An investigation into the economic, political, and scientific history of the saltfishery in Newfoundland.
- Short-listed, Newfoundland and Labrador Book Award, Non-Fiction 2023
Fishing Measures investigates the introduction of fisheries science to Newfoundland’s saltfishery between the 1880s and 1930s. Banoub argues that during this period fishers’ embodied knowledge came to be seen as less reliable and authoritative than modern scientific state management. Fishing Measures situates this crucial shift in the history of capitalism, showing how the development of abstract scientific knowledge is integral to capitalist value relations.
Fishing Measures trawls a variety of archival sources to document the introduction of scientific knowledge to the extraction, processing, and consumption of saltfish. The book lucidly documents scientific developments on subjects ranging from artificial propagation, to curing techniques, to cod liver oil production. Fishing Measures makes an invaluable contribution to contemporary debates regarding relationships between capitalism, the environment, and science.
Fishing Measures is a fascinating book that will be of interest to historians of Newfoundland, fisheries, and natural resources more broadly. Those who apply a historical materialist lens will be especially at home with the text...- Jennifer Silver, Network in Canadian History & Environment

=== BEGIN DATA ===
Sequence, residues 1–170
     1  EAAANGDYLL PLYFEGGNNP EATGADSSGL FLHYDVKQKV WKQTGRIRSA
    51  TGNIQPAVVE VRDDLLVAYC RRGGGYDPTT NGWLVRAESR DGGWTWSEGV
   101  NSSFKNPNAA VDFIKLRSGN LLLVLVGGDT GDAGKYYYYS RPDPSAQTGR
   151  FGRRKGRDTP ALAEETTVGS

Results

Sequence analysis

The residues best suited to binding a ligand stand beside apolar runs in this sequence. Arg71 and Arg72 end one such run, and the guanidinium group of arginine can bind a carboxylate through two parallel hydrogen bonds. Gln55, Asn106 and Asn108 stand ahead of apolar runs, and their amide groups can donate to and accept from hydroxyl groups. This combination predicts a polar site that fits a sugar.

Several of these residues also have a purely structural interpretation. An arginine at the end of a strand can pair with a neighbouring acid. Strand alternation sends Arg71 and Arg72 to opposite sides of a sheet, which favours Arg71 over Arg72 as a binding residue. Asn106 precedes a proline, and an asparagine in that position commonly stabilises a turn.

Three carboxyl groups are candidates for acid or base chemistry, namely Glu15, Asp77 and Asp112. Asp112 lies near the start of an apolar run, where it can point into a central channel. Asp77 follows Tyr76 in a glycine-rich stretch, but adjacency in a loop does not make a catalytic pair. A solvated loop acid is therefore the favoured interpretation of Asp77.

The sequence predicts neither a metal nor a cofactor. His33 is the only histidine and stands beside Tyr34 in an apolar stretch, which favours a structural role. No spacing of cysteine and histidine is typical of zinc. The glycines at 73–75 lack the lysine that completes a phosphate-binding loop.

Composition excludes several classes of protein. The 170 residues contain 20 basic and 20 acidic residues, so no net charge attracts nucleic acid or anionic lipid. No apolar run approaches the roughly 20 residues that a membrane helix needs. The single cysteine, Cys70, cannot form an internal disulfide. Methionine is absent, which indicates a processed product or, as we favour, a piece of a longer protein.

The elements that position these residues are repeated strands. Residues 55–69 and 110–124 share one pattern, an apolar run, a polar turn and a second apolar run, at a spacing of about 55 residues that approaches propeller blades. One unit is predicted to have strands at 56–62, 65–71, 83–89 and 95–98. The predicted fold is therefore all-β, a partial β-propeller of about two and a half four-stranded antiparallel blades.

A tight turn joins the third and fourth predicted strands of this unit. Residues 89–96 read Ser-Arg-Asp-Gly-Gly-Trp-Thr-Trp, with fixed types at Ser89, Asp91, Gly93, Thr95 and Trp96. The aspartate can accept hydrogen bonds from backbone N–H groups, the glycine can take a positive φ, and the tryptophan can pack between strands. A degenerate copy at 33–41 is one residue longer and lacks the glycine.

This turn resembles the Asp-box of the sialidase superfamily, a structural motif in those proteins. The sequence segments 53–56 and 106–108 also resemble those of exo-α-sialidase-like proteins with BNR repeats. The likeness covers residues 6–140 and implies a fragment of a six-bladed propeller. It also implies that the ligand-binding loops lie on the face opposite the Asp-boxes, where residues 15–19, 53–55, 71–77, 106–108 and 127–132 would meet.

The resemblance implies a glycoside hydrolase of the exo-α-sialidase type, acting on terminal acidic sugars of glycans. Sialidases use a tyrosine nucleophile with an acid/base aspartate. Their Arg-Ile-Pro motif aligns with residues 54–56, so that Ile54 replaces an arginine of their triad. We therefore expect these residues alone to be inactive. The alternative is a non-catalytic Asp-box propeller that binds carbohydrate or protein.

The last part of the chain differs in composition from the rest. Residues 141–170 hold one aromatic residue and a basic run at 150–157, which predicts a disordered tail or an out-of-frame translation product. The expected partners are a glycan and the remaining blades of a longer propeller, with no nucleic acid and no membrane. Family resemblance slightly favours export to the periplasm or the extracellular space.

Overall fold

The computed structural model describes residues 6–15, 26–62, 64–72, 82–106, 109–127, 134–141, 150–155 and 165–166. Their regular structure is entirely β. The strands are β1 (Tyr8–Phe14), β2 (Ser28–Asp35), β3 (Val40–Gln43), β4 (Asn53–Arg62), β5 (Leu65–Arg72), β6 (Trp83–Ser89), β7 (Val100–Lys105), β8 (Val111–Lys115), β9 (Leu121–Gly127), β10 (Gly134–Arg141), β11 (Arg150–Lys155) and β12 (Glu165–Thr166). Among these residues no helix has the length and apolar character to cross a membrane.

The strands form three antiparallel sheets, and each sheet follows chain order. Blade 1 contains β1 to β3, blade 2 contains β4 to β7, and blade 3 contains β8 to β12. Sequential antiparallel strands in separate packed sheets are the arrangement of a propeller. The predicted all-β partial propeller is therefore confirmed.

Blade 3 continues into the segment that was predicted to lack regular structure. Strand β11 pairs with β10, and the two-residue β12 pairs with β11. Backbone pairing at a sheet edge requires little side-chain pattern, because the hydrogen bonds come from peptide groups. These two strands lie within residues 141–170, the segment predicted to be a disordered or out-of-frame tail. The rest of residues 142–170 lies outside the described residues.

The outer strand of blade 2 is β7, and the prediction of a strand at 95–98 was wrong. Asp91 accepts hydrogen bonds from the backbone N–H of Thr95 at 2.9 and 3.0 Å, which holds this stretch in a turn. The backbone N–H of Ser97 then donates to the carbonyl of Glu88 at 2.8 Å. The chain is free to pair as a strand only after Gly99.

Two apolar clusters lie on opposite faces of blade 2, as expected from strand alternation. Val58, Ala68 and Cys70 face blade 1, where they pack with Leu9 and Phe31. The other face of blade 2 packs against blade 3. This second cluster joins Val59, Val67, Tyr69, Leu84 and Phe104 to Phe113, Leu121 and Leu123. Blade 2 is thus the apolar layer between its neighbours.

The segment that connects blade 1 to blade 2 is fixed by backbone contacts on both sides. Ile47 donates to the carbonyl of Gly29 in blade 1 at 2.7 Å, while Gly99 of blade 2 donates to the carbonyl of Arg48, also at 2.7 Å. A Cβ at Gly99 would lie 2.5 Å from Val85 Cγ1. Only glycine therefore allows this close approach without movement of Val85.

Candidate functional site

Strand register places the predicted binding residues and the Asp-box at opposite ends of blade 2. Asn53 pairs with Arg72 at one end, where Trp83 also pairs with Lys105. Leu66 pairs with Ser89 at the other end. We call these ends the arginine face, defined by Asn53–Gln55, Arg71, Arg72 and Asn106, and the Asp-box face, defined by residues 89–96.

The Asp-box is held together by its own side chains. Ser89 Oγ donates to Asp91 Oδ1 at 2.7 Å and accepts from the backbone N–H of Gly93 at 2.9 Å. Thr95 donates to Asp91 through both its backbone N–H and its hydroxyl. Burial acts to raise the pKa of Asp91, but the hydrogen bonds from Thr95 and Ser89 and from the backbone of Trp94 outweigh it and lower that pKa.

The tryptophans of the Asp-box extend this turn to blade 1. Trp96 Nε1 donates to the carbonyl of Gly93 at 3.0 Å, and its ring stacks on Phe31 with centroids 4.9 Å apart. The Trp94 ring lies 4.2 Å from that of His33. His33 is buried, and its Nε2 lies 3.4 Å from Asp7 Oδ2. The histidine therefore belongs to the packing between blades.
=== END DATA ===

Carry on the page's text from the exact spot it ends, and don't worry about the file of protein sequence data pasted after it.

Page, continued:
Fishing Measures offers a historical assessment of Newfoundland's fisheries...combining fine-grained historical research with Marxist conceptual analysis.- Michael Fabinyi, AAG Review of Books
Infinitely readable and relevant in an era of diminishing natural resources in seemingly every realm, Fishing Measures chronicles the ways in which so-called scientific experts attempted to improve Newfoundland’s saltfish industry. Author Daniel Banoub’s deeply researched dive into the emergence of cod liver oil as a vitamin packed curative for (especially) children is sure to trigger memories for everyone who shuddered when a spoonful of the concoction approached their lips.
A volume that sets, in stark relief, the know-how of rubber-booted Newfoundland anglers against the “advice” of pencil-pushing desk jockeys, Fishing Measures serves as a primer for the age-old adage to “leave well enough alone.”
Archival black and white photos of fishers processing and selling their catch enhance the book. Those who tracked the capitalist-driven soft drink debacle that was “New Coke” will note similar themes in Banoub’s well-wrought analysis of money, marketing, and purported fisheries science.- Jury, Newfoundland and Labrador Book Awards